JpGU-AGU Joint Meeting 2020

Presentation information

[J] Poster

S (Solid Earth Sciences ) » S-SS Seismology

[S-SS12] Seismic wave propagation: Theory and Application

convener:Kiwamu Nishida(Earthquake Research Institute, University of Tokyo), Kazuya Shiraishi(Japan Agency for Marine-Earth Science and Technology), Takao Nibe(JAPEX), Kaoru Sawazaki(National Research Institute for Earth Science and Disaster Resilience)

[SSS12-P10] Site classification of recording stations of EEW System for Garhwal region of Uttarakhand, India

*Pankaj Kumar1, Ashok Kumar1, Ajay Gairola1, Kamal .1 (1.Indian Institute of Technology Roorkee, India)

Keywords:Site classification, EEW System, HVSR, predominant period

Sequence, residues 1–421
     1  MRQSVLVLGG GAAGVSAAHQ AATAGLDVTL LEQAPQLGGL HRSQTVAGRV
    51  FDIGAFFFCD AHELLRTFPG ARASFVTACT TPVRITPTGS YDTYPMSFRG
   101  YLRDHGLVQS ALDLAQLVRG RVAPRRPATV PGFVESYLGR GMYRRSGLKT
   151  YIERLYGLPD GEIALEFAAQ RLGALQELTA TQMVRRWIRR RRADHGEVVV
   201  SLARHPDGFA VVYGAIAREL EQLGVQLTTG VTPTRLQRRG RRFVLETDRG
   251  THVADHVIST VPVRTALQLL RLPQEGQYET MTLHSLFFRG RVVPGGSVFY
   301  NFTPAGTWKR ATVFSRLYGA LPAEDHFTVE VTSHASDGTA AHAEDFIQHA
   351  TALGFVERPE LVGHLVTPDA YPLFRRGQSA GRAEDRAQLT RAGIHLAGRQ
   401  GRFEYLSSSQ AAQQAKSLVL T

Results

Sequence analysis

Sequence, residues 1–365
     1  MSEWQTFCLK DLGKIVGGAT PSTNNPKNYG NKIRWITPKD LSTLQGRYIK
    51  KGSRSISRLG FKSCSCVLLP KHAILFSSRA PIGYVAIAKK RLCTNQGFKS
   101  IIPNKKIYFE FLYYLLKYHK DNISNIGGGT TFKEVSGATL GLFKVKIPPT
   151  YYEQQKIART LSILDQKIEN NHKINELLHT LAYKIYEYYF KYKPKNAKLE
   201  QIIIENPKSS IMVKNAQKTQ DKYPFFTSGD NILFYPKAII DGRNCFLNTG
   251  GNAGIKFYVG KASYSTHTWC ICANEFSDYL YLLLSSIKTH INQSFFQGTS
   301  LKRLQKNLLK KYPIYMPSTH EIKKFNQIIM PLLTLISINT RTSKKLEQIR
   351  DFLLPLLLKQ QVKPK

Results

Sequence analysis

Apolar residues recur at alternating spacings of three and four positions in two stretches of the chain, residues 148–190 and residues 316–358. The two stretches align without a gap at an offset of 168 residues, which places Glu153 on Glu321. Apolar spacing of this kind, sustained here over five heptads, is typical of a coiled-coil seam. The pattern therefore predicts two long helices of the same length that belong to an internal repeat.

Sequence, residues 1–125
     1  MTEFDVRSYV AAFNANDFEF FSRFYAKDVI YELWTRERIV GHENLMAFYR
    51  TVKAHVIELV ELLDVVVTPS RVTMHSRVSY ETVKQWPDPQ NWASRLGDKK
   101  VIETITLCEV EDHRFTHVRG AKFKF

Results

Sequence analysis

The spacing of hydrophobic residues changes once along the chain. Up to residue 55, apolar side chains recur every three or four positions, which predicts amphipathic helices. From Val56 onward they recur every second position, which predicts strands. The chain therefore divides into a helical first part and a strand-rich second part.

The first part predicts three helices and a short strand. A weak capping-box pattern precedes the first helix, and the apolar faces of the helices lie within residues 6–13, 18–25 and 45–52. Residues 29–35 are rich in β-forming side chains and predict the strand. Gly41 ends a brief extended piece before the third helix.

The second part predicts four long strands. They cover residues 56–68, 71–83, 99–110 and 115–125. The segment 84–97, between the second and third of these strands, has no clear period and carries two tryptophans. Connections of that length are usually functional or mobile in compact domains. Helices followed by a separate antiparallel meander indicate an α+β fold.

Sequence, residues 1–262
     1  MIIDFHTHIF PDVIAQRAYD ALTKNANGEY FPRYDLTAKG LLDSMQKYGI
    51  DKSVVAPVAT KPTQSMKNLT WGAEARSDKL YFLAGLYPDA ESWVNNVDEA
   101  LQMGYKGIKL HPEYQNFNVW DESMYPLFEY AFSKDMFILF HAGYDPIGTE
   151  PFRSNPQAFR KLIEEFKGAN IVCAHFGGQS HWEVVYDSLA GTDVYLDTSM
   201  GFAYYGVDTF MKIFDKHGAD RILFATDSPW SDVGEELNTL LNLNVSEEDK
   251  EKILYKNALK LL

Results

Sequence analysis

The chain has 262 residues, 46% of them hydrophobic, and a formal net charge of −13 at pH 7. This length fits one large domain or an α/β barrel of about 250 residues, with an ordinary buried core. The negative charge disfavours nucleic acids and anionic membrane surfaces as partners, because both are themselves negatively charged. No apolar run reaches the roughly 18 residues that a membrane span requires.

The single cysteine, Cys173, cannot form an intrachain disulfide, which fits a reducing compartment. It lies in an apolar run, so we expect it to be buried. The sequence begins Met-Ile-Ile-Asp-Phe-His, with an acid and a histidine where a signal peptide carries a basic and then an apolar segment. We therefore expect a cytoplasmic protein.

In the present study, site classification study of the 84 stations where accelerometers have been installed in the field, has been carried out. These accelerometers are instrumented in the field as part of Earthquake Early Warning System for Uttarakhand, a province of India. Horizontal to vertical spectral ratio (HVSR) of recorded strong ground motion of earthquakes of Mw 2.8 to 7.5 has been carried out to find out the natural period of the ground at the site. Four classification methods have been applied for classification. In the first method, HVSR of Fourier amplitude spectra is performed and natural period corresponding to the HVSR peak is estimated. In the second method 5% damped response spectra is used in HVSR, then the predominant period corresponding to peak of curve is estimated. The estimated time period from method one and two, is used to classify the sites in the range in with the natural period falls in the standard classification schemes (Building Seismic Safety Council, 2003; Japan Road Association, 1980). In the 3rd method, site classification is done by matching the 5% damped response spectra curve to the standard curve and the site index (SI) is estimated using the method proposed by (Zhao et al., 2006). The 4th method uses the Spearman’s rank correlation coefficient as site classification index (Ghasemi et al., 2009). In method 3rd and 4th, the sites are classified in 4 classes. Out of 84 stations, method 1st categorize 44% station in class - B, 27% stations in class -C, 9% stations in class – D and 10% in class – E, method 2 categorize 36 % stations in class – B, 30% stations in class – C, and 5% stations in class- D and 16% in class – E, method 3 categorizes 75% stations in class – B, 10% stations in class –C and 1% in class –D and 3% in class – E, method 4 categorize 46% stations in class –B, 22% stations in class –C, 11% stations in class –D and 10% stations in class –E. Results from method 1st and 4th are consistent and shows the similarity to the classification. Validation of classification is done with the study of ground response analysis carried by (Pandey, 2018).